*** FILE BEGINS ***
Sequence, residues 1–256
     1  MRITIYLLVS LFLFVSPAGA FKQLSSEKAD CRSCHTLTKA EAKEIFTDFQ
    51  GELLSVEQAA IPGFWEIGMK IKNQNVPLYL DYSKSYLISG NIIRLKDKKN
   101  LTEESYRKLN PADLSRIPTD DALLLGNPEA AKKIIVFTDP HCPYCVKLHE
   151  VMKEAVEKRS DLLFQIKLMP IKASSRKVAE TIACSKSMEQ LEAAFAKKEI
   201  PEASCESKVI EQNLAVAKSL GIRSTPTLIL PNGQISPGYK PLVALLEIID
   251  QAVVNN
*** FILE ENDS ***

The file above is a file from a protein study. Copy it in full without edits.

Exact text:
Sequence, residues 1–256
     1  MRITIYLLVS LFLFVSPAGA FKQLSSEKAD CRSCHTLTKA EAKEIFTDFQ
    51  GELLSVEQAA IPGFWEIGMK IKNQNVPLYL DYSKSYLISG NIIRLKDKKN
   101  LTEESYRKLN PADLSRIPTD DALLLGNPEA AKKIIVFTDP HCPYCVKLHE
   151  VMKEAVEKRS DLLFQIKLMP IKASSRKVAE TIACSKSMEQ LEAAFAKKEI
   201  PEASCESKVI EQNLAVAKSL GIRSTPTLIL PNGQISPGYK PLVALLEIID
   251  QAVVNN